4. Compliance and KYT

In traditional finance, anti-money laundering (AML) is based on know-your-customer (KYC) guidelines. In the DeFi space, compliance is based on participant behavior rather than participant identity. These know-your-transaction (KYT) services, such as Bitpowr’s, help in real-time risk assessment and protect against fraud and financial crimes.

5. DAOs

A DAO is a decentralized autonomous organization that operates according to transparent rules encoded on the Ethereum blockchain, eliminating the need for a centralized, administrative entity. Several popular protocols in the DeFi space, such Maker and Compound, have launched DAOs to fundraise, manage financial operations, and decentralize governance to the community.

6. Margin Trading

DeFi margin trading is supported by decentralized, non-custodial lending protocols like Compound and dYdX, as opposed to traditional finance, where margin traders can leverage their trades by borrowing money from a broker (which subsequently serves as collateral for a loan). Some have started talking about the advent of “autonomous money markets” in the DeFi ecosystem since smart contracts automate traditional brokerage activity.

7. Derivatives

Ethereum-based smart contracts enable the creation of tokenized derivatives whose value is derived from the performance of an underlying asset and in which counterparty agreements are hardwired in code. DeFi derivatives can represent real-world assets such as fiat currencies, bonds, and commodities, as well as cryptocurrencies.

8. Infrastructure for Building on the Blockchain

The ability for various parts of a system to connect and work together, is one of the fundamental architectural tenets of DeFi protocols. This has produced a potent network effect that allows the developer community to continue building upon what others have developed, as can be seen from the large variety of integrated DeFi apps some of which leverage on Bitpowr API suit to build and launch in days.

9. Insurance DeFi

There are several insurance policies built on the blockchain that cover real-world events like farming, disasters, and more. A parametric insurance model is used by several blockchain-based insurance policies, in which claims are paid to the interested party as long as certain conditions are satisfied. To determine when distributions should take place, these parametric insurance policies frequently use hardware and software oracles. With the help of smart contract technology, payments are made automatically rather than waiting for a central authority to do so.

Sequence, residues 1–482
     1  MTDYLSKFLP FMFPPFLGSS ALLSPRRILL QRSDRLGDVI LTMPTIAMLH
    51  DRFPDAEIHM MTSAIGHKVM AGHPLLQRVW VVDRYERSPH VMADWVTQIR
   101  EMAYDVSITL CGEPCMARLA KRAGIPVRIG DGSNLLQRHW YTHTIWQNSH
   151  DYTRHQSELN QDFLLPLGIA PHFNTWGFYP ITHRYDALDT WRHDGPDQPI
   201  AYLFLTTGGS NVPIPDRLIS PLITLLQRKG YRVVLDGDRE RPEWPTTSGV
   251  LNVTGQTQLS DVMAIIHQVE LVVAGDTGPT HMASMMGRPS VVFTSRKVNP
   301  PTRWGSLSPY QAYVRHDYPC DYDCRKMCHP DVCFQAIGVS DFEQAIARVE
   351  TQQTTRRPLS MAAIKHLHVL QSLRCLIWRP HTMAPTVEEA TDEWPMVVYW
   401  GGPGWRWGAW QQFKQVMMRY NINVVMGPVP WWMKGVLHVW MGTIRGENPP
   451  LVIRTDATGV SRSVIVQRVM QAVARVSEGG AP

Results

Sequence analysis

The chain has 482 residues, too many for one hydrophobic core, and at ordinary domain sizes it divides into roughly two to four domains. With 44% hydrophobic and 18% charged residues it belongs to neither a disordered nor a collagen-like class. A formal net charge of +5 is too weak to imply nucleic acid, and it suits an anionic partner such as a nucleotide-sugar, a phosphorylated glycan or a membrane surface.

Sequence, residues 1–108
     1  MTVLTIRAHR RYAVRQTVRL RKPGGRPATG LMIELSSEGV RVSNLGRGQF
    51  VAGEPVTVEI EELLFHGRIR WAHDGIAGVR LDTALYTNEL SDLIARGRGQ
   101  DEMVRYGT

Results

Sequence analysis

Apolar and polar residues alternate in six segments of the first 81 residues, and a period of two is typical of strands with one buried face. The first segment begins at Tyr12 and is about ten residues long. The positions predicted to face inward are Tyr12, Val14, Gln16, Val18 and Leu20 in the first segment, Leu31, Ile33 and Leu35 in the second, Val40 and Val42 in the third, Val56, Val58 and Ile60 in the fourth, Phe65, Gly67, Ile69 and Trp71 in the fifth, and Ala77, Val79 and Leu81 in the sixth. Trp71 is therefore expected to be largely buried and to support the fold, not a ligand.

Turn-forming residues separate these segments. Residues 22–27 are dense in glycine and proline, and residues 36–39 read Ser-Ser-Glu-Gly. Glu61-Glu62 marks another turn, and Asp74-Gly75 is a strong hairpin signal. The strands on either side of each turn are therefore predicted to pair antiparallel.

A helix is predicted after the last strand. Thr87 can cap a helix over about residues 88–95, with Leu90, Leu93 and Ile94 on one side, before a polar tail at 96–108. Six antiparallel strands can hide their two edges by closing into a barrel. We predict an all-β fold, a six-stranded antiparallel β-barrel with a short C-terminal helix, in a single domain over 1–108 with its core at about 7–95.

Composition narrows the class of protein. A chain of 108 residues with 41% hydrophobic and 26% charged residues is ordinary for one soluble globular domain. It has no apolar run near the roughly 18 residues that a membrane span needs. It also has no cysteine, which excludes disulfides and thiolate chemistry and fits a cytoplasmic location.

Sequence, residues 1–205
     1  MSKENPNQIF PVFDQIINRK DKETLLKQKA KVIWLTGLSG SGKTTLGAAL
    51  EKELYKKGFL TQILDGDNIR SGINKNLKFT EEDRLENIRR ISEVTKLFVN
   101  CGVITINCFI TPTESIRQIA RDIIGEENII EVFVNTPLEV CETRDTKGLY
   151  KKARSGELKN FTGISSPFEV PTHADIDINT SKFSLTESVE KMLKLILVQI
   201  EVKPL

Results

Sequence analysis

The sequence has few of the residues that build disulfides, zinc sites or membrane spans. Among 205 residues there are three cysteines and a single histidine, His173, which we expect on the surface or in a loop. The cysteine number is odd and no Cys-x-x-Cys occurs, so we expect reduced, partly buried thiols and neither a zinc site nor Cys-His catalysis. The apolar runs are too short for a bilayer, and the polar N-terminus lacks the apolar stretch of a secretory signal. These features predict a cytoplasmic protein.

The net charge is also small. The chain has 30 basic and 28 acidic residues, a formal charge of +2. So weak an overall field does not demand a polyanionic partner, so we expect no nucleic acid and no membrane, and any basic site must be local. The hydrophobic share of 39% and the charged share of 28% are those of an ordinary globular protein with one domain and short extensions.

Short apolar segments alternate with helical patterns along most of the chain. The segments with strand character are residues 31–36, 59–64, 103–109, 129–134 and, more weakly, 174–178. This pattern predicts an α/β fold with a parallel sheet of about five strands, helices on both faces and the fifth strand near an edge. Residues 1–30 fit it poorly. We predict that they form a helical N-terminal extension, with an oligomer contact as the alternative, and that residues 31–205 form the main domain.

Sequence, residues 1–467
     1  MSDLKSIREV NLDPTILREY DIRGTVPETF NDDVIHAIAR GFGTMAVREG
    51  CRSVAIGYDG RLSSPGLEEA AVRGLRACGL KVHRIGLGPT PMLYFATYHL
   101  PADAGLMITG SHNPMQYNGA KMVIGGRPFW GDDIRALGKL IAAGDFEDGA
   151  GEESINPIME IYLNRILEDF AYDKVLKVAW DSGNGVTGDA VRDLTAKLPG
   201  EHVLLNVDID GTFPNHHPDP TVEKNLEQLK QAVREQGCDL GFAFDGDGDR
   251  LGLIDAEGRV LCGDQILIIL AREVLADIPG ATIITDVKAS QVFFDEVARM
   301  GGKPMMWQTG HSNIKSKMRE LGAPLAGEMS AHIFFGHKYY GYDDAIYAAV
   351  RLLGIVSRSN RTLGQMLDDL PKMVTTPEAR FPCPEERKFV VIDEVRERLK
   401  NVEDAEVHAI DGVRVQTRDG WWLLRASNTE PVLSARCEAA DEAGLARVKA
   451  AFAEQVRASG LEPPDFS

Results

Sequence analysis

10. DEXs

One of the core features of DeFi is Decentralized Exchanges (DEX). With the help of DEXs, users can swap or exchange tokens for other assets and intermediaries are not required. Similar alternatives are available on traditional exchanges (centralized exchanges), but the investments offered are dictated by the exchange’s policies and expenses.


There is a reason why DeFi has captured our attention, the total value locked in DeFi protocols alone has surpassed $100 billion.

Also, DeFi has significantly reduced the cost of producing and distributing various assets, much like the internet did for publishing and advertising. One reason for the lower costs is DeFi’s peer-to-peer lending mechanism, which eliminates the need for a third-party intermediary. This means that an institution seeking credit does not have to pay a fee to a bank or another financial institution to obtain it.

Bitpowr’s infrastructure is also playing a significant role in advancing the DeFi course by providing DApps wide access across EVM-compatible protocols without compromising institution-required security, operational efficiency, or compliance requirements.